(ID#2437666) Page 4 worthily.” Despite its judgmental nature being somewhat ambiguous in context, it is certainly a statement one would not expect to find in Thucydides. There is additional commentary provided by Herodotus in paragraph 115 about a prevalent slander among the Athenians. While lacking the ambiguous judgment present in the aforementioned phrase, it is certainly not a paragraph one would expect to find in Thucydides; it lends a color to the work which is foreign to Thucydides. From this evaluation, it is clear that both historians are attempting to record real events in an accurate way from legitimate sources. That much makes them historians, but it is also fairly clear from the selections that their tasks are different. Thucydides’ unique task (as he early on explicitly states) is to preserve the greatness of the events he records. He does this by recording the objective information with the utmost precision, believing that greatness is found not in popular belief but “in the reach of evidence” (1.21). Herodotus’ task is to preserve the “color” which these events have brought about, and he accomplishes this by giving primacy to individual stories and a nonjudgmental commentary alongside the events he records. These are clearly two very different approaches to history, and they have drastically different implications. Those who read Thucydides will be inclined to historically understand themselves as part of a region and to have zeal for the collective deeds of that region. Those who read Herodotus will be inclined to historically understand themselves not as parts of a region, but as individuals whose influence in history is attributed to their individual actions, not the collective action of a functioning region. This difference in self-perception is a prime example of just how powerful the questions of an historian’s task and his methodology truly are. The answers reach far beyond the historian or his work; they influence the reader in a way which will help determine how he will function as a human being. Shall he act as an individual, or shall he act in allegiance? These, I daresay, are the very questions whose answers will affect the historical record of tomorrow.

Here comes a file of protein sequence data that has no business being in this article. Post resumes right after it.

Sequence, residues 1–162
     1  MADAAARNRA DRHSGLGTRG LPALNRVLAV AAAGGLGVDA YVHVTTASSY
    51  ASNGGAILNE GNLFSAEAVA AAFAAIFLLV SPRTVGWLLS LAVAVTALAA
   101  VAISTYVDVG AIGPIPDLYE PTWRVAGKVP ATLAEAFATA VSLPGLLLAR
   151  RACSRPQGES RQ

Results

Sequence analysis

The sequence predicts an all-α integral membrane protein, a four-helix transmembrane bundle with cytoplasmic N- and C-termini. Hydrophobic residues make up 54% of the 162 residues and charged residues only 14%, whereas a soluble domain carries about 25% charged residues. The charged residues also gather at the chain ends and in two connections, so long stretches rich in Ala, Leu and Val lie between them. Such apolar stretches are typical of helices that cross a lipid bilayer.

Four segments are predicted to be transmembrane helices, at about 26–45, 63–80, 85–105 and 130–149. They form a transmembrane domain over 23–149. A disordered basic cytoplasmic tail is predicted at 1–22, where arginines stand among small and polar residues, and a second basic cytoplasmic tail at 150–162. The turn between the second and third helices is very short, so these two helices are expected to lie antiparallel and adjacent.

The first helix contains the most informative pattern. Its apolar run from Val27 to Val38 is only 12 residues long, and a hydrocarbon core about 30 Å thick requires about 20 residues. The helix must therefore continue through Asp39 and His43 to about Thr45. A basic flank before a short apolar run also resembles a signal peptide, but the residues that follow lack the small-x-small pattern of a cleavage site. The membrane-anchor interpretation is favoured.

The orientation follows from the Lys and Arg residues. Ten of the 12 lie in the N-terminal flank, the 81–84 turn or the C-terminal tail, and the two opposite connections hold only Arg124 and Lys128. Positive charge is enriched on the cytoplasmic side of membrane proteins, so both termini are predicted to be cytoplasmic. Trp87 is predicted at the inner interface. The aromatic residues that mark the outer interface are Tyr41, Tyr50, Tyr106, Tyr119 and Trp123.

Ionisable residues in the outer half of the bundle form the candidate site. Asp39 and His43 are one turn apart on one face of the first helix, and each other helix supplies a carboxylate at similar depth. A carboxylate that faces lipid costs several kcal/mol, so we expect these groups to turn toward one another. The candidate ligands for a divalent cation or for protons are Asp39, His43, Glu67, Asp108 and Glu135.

(ID#2437666) Page 5 Work Cited Herodotus. The History. Trans. David Grene. Chicago: The University of Chicago Press, 1987. Thucydides. The Landmark Thucydides: a Comprehensive Guide to the Peloponnesian War. Trans. Richard Crawley. Ed. Robert B. Strassler. New York: Touchstone, 1996.